Russian casualties in Ukraine war have likely reached half a million

Russian casualties in Ukraine war have likely reached half a million
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With the daily number of Russian personnel killed or wounded in action in Ukraine throughout May is understood to have averaged around 1,200 soldiers, Russia’s military could have now sustained more than half a million casualties since Moscow’s February 2022 invasion of its neighbour.


At the start of May 2024, the senior military advisor of the UK Delegation to the Organisation for Security and Co-Operation in Europe Nicholas Aucott said that Russian casualties in Ukraine had exceeded 465,000 troops.

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Since then, as Russia continues to make incremental gains west of Avdiivka and opened up a new northern offensive in the Kharkiv Oblast, an average daily casualty rate has pushed the number of Russian soldiers killed or wounded in action beyond 500,000.

Despite these losses, it is understood that Russia still retains the ability to recruit approximately 30,000 new personnel each month, making its losses, even those experienced in May, sustainable.

In February 2024, at the two-year anniversary of Russia’s large-scale invasion, it was understood that combined casualty rates of Ukraine and Russia had reached 500,000.

At the time, Russia’s military casualties were thought to amount to 350,000 killed or wounded in action, losses that resulted in a series of partial mobilisation efforts by the regime of President Vladimir Putin, drawing in minimally or untrained civilians into front line combat.

In military terms, a casualty describes military personnel killed or wounded in the theatre of conflict, with a generally accepted ratio or one fatality for every three or four soldiers wounded.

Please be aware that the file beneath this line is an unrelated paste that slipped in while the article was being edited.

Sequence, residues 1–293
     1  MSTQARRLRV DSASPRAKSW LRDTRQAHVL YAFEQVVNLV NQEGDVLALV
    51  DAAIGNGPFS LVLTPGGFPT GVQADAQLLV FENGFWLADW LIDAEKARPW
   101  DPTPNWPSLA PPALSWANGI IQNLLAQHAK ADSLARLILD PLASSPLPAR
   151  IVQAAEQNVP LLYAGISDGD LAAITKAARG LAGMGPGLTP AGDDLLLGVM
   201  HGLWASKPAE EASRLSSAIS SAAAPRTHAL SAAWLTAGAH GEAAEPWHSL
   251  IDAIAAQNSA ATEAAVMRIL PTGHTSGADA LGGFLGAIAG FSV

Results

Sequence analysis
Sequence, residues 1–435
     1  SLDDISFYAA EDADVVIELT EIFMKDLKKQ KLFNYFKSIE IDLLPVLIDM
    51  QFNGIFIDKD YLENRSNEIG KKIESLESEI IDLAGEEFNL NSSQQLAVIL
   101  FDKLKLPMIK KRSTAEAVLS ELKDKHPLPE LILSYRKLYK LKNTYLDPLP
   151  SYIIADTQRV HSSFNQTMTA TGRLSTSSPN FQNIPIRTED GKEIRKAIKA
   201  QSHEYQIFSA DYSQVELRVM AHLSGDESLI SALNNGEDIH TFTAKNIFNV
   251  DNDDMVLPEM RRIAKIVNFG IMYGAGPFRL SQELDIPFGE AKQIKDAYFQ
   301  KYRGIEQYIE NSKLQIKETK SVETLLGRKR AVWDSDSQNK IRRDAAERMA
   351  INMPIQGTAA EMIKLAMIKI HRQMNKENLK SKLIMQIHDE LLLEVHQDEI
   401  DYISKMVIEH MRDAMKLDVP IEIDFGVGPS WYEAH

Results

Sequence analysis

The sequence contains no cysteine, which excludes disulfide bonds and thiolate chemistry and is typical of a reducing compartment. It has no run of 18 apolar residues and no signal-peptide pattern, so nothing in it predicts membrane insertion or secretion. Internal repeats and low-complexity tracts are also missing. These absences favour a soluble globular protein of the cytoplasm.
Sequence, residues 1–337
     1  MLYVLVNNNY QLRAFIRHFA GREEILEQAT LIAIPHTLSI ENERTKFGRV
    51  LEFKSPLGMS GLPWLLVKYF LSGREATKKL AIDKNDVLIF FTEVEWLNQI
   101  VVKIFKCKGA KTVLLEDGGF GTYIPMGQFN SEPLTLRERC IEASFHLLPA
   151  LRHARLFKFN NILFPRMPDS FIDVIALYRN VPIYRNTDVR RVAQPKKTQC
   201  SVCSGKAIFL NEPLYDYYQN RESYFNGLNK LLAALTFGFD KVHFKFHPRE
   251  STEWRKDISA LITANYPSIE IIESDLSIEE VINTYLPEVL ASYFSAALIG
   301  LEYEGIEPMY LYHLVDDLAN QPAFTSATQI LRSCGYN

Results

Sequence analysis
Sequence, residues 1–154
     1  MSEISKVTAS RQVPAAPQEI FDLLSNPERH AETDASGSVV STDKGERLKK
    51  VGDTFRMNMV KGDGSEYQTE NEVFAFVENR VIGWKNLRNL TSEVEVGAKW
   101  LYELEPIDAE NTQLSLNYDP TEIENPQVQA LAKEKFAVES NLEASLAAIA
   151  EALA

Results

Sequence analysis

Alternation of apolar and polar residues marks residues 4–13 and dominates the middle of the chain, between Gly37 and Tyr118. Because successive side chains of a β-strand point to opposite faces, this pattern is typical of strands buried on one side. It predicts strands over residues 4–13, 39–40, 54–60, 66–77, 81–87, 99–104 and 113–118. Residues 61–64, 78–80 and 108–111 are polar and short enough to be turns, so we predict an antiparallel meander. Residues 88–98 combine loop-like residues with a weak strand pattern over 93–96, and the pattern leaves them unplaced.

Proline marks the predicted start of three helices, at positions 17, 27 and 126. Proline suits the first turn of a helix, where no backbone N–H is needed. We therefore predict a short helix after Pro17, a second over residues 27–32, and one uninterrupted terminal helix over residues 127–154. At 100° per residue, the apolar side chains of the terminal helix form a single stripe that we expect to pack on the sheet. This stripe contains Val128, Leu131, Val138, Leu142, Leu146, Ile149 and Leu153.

Ukraine too has sustained significant losses, potentially around 200,000 killed or wounded, if projecting figures of killed and injured (estimated at more than 100,000) from the first 12 months of combat through 2023, by February 2024.

However, Ukraine has struggled with recruitment, and has removed consular services for fighting age male Ukrainian nationals living overseas in a bid to force them to return home. Some European countries have already said that they would assist Ukraine with the repatriation of Ukrainian fighting age males living in their territory.

Taking into account new understandings of Russian losses, the total combined number of military casualties in Ukraine between the two warring parties could now be as high as 700,000 in the approximate 28 months of war.

Broken down further, should the combined losses of Russia and Ukraine be as high as that, it equates to an average rate of military casualties of 25,000 per month. Of this, Russia’s potential average monthly loss reaches nearly 18,000 personnel since February 2022.

Russian figures do not include losses sustained by private military contractor organisations such as the Wagner Group, with estimates for that unit alone up to the tens of thousands as it bore the brunt of a brutal ground campaign in 2023, resulting in the infamous rebellion in June the same year which saw Wagner forces engaged in direct combat with Russian troops.

After a cessation of the rebellion was agreed, Wagner Group chief Yevgeny Prigozhin died in a plane crash in August 2023, with Wagner forces in Ukraine subsequently subsumed into regular Russian military structures.

Russia continues to press Ukraine forces

The opening of a Russian northern offensive in the Kharkiv Oblast drew little in terms of strategic gains but brought about a tactical benefit to stretch Ukraine’s troops further across the frontline. Ground conditions are conducive towards combat operations, with Russia conducting company-attacks at a number of locations.

However, it is still understood that Chasiv Yar remain a key target for Russian forces, with the town situation some kilometres west of Bakhmut, which fell in 2023 after months of urban warfare. Multiple reports indicate that Russia deployed thermobaric weapons in its efforts to take the town in recent days, with the highly controversial weapons creating an area of effect through a fuel-air detonation that sucks in surrounding oxygen.

In addition, Russian force have advanced approximately 14km west of Avdiivka, which Ukraine was forced to cede resulting from a critical shortage of weapons following the United States’ six-month security assistance hiatus.

Additional reporting by Andrew Salerno-Garthwaite.

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